I’m also writing a play about the mismatch between Artificial and Human intelligence, which is becoming a rather tricky one to envisage in its entirety. I guess in some ways it will have a similar aesthetic feel to Fishbowl, but a homier environment. This is about a woman who has programmed her own House AI to suit her needs in a microcosm environment, but when she brings external flora and fauna (human relations et al), tensions become more heated. What I particular find interesting is to play on the idea of the theatre space – and that we don’t know what’s going on outside of the house, and neither does the house itself. We surrender our knowledge primarily on the human characters, who are unreliable in themselves as they troop in and out. There’s a lot I can play with, and that’s what makes it harder in some ways. I’ll get there, I hope!

I’m also researching Possible Worlds theory, and the “logical” rules that makes our world believable to us and how some fictive worlds can be posed as simply alternate universes that share our particular physics, and of course those who work against these. I’m still hung up on the aspects of absurdism vs. SF theatre, but for a good reason – both are simply mind blowing. It’s a good a reason as any, I’d imagine.

I shall also be running some creative writing workshops (fingers crossed), and some on the theming of science fiction which is absolutely awesome! I will keep you posted on this too. I’m also tutoring on creative writing/comprehension and the level of 10 year old creativity is simply astounding. Schools seem to have transformed beyond my ken – they have learning objectives instead of grades and they can be partially, fully or not met!

So I’d better get started. Seriously, I start everyday fresh and I have to remind myself of what I am and what I’m doing sometimes. I should sort that out. Maybe updating my blog more often will remedy that problem.

New term is here!

Just a little update into how things are going! First of all, I can’t believe how fast the terms are going – and that Spring is almost upon us! I think first and foremost is to get the rewrites done from the plays I’ve had performed last year – as I’ve picked up some valuable truffles (nuggets are so last year, and this one suggests that I’m like a pig or a dog, which is a little different) of information during rehearsals thanks to great directors/actors.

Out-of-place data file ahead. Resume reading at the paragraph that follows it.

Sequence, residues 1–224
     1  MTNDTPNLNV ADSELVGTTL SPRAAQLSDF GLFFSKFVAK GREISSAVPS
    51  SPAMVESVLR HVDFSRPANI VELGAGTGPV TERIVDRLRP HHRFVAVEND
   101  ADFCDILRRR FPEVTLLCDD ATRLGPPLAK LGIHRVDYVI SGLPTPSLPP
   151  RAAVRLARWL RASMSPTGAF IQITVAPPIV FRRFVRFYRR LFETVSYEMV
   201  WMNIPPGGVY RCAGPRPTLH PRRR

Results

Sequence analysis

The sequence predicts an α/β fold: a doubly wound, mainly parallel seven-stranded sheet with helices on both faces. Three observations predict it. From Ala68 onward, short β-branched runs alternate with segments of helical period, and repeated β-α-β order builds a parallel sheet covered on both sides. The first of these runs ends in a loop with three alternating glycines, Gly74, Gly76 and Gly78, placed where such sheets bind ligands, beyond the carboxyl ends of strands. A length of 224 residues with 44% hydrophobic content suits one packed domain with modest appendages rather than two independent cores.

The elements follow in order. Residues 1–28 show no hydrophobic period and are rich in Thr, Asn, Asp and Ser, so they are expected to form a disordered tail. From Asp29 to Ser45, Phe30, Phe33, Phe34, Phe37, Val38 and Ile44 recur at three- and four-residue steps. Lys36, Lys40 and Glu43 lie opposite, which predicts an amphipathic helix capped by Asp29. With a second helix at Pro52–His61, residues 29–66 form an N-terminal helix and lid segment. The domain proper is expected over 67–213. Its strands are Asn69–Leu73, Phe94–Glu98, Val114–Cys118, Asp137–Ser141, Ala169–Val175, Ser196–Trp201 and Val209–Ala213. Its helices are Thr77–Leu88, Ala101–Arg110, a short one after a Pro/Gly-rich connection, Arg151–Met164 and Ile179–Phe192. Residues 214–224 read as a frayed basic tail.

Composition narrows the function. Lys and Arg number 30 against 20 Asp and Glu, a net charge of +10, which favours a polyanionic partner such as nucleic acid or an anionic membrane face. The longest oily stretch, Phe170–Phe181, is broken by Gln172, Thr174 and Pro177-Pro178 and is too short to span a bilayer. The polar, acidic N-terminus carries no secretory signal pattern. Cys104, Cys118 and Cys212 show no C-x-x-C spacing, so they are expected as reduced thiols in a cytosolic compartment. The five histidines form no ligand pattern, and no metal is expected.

I’ve finished a short story (that means a lot, considering what I write recently) and well, I’d like to see it get somewhere. Also, I’d like to write some poetry – my bus journeys are loooong and I always get ideas on them and just before I go to sleep, most of which I don’t remember, so maybe I should get some writing done then. Since I am giving a paper soon, it’ll be nice to do some spoken word again. I wonder if my style will have changed.

More details on everything soon! Mind you, I heard from a little bird (who looks like me, weirdly) that Enigma Magazine is open for business again. Oh, who are they, you ask? http://www.enigmacw.co.uk is where they live. If you want to submit writing of your own, I’d love to read it, yes siree!

Oh and reviews. I want to do some more reviews. From the First Men in the Moon to The Islanders, I will give you something meatier to read than little snippets here and there. I hope!

Any Updates?

There are some, yes! Not many though –

One of my short plays, En Passant (which I hope you don’t mind what sounds like a double whammy of pretension – a french term and a reference to a chess move, but it sounds good and is relevant to the plot, promise) will be in production soon, alongside 2 other new writing pieces. I’m thrilled to bits and can’t wait to see how it gets on! I will update you!

I also have some other writing plans – one of which is to revamp one of my old novellas (what, I do write prose too!)  and maybe another one, time permitting. Some of you may even be familiar with one of them (if you know them both, you know me too well! Just saying).

I’m going to a Donna Haraway (whom I mentioned in an earlier post about cyborgs burning bras, I recall) lecture tomorrow at the Cosmopolitan Animals conference – can’t wait for this! I will give you all the details as and when.

Another thing – CFPs (Call for Papers). I’m so excited about these, thinking about what I could present and researching odd ends here and there. If (fingers crossed) I get accepted, I will let you know when and where if erm… you want to see this skitty kitty out of her virtual basket.

Toodle pip for now!